OpenOffice.org — not to be confused with ODF, which is product- and vendor-independent
Since we mentioned IBM’s new involvement in OpenOffice.org we have said very little about it. In short, IBM will donate code, developers, and a variety of other things (let’s not forget a Big Name) to the project. This will make OpenOffice.org (along with ODF) more suitable for the enterprise. Here are a few new articles that can hopefully shed some light on the main points to take from this major development.
One who has already joined the gang is Mark Shuttleworth, the founder of Ubuntu with which OpenOffice.org is distributed. He could hardly contain his enthusiasm telling us “We are excited about IBM joining Sun and other contributors to the OpenOffice.org community in pushing development of OpenOffice.org and the OpenDocument Format. We are firmly committed to help set, drive and promote open standards like the ODF world-wide to free all users from any dependency on single vendors and proprietary software. The OpenOffice.org community is showing that it is possible for large, competing companies to collaborate and deliver extraordinary value to all of their users.”
Scott Crenshaw, Red Hat’s Vice President of Enterprise Linux, agreed: “IBM continues to show their commitment to the proliferation of open-source software and we applaud them on joining the OpenOffice.org community. We look forward to continuing our strong relationship with IBM as we work toward a common goal of bringing value to our customers and fostering the adoption of open standards and ODF.”
The stakes are high as an increasing number of government and enterprise software buyers are insisting that the applications they purchase conform to internationally recognized standards.
Has the Outlook killer for OpenOffice finally arrived?
OpenOffice is the most promising open source alternative to Microsoft Office that runs on most Linux distributions, Windows, Macintosh and BSD but to date it has lacked an integrated e-mail service such as the Outlook client that is integrated in Microsoft Office.
Contributing to an open source Outlook effort would help IBM, OpenOffice, and all of us in search of a great PIM-Email-Address Book solution.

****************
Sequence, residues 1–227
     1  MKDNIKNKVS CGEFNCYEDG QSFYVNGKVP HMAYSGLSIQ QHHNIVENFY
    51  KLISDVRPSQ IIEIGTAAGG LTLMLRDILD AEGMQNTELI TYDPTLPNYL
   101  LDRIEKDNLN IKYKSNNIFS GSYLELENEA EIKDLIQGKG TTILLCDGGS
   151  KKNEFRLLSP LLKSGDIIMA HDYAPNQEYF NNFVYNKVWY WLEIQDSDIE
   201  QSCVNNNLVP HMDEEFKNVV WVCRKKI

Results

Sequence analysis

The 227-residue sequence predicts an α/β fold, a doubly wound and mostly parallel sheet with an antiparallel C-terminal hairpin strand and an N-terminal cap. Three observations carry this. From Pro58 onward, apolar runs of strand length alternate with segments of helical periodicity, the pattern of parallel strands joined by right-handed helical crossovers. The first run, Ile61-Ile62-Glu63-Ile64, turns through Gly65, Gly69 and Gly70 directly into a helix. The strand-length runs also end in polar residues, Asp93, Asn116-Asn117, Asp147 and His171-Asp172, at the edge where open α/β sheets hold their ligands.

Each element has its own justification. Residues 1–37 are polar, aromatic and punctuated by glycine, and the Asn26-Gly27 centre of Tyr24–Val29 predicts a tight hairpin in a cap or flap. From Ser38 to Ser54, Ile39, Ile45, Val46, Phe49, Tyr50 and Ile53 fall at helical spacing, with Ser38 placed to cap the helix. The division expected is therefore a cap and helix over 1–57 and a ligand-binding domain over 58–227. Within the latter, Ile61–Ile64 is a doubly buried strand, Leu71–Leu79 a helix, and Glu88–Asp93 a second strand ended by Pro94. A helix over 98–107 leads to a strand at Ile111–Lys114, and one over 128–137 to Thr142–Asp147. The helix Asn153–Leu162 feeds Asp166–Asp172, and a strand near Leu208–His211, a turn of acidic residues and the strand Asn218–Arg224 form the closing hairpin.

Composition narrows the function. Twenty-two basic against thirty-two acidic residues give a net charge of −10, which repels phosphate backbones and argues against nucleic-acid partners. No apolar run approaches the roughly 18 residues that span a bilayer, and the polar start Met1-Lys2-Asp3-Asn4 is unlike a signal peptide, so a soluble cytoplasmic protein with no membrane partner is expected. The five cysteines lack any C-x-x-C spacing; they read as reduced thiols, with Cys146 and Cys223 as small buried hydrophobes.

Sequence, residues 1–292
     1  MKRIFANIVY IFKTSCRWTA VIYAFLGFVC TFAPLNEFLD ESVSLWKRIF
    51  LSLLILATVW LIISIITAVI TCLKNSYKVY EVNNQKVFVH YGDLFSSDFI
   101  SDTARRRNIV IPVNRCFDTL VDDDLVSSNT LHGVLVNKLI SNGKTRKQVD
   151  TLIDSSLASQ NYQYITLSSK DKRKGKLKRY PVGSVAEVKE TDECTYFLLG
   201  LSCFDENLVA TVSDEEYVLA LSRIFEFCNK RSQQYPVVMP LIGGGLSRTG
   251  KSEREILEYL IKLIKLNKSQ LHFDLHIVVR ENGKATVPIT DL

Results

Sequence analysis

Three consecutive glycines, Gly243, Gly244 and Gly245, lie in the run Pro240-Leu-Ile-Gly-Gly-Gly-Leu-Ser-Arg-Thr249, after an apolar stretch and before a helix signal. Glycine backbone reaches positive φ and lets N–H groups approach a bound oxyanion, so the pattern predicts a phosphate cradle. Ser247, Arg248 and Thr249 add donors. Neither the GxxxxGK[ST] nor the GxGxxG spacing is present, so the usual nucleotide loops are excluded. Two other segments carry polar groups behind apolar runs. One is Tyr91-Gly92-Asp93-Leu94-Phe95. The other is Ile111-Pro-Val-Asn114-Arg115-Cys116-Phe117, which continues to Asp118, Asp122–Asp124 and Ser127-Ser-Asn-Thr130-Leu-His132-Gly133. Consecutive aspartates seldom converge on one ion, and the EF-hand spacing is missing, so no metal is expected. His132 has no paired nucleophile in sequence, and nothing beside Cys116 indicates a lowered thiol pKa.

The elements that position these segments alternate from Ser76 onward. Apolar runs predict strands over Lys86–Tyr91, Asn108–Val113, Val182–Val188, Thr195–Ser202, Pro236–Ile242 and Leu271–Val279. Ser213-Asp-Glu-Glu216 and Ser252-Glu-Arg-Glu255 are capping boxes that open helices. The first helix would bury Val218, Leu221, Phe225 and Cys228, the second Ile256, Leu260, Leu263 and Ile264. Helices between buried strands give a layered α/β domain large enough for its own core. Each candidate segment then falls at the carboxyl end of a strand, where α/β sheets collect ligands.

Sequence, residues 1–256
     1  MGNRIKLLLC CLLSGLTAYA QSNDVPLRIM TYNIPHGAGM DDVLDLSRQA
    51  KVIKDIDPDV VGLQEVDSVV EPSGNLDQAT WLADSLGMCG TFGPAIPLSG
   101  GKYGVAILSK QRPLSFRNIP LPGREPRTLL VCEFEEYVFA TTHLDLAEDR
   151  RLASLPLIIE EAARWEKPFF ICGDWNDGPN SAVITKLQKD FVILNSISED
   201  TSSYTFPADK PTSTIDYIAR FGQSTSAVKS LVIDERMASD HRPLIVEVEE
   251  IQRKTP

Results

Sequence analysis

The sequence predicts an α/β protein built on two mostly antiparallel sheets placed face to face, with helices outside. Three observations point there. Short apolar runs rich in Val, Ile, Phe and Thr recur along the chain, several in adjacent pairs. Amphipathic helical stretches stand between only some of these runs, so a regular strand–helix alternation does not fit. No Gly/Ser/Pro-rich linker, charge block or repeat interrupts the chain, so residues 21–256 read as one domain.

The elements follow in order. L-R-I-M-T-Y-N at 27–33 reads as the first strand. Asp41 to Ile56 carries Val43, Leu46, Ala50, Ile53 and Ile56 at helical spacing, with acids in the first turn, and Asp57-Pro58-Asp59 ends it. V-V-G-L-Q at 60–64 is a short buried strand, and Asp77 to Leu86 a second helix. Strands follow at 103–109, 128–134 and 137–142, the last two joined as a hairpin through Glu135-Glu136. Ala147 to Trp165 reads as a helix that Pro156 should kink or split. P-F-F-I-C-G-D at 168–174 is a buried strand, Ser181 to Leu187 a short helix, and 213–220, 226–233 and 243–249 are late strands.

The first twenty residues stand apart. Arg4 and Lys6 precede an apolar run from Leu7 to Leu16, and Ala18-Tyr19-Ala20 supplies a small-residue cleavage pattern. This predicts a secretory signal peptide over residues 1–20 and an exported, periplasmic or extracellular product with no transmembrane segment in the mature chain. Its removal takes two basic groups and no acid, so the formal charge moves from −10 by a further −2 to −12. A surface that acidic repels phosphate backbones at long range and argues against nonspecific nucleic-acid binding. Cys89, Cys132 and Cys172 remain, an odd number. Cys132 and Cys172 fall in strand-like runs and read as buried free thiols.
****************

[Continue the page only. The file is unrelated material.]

The syndication tool allows users to access a wide range of open source technologies across a variety of topics including Web 2.0 technologies, game development and Web innovation through a web site called IBM developerWorks.
As in the previous two comparisons, Writer emerged as the winner in the majority of categories. However, in many categories, the decision is not as obvious as in previous comparisons. For the first time in several releases, Word’s designers seem to be making significant changes. These changes are not always successful — in fact, the reordering of menus into ribbons might be seen by the cynical as an attempt to hide some long-term embarrassments, such as the ongoing problems with master documents. But at least the effort is being made. Writer, by contrast, seems to be standing still, and some of its problems — notably, cross-references — are almost as long-neglected as some of Word’s.
As free software, Writer has advantages that Word is unlikely to match — its philosophy, its price, its easy availability, and its frequent updates. However, speaking only in terms of functionality, Writer seems to be coasting a little on its reputation. If that continues, its superiority may be eroded, or dissolved altogether.
Bruce Byfield seems to have forgotten to mention the fact that OpenOffice.org also supports the international standard, whereas Microsoft Office does not. Stephen Walli argues that Microsoft will inevitably need to implement this important feature, which is ODF support.
Update: good news just in… Vietnam’s government has decided to adopt OpenOffice.org.
More than 20,000 computers from Party offices nationwide will switch to using OpenOffice instead of Microsoft Office from early 2008.
Thailand did this recently as well, but only in part, i.e. a case of gradual uptake. We mentioned Vietnam’s take on OOXML not so long ago.
Later today, Microsoft and Sun will announce some form of yet-unspecified partnership. Take a guess.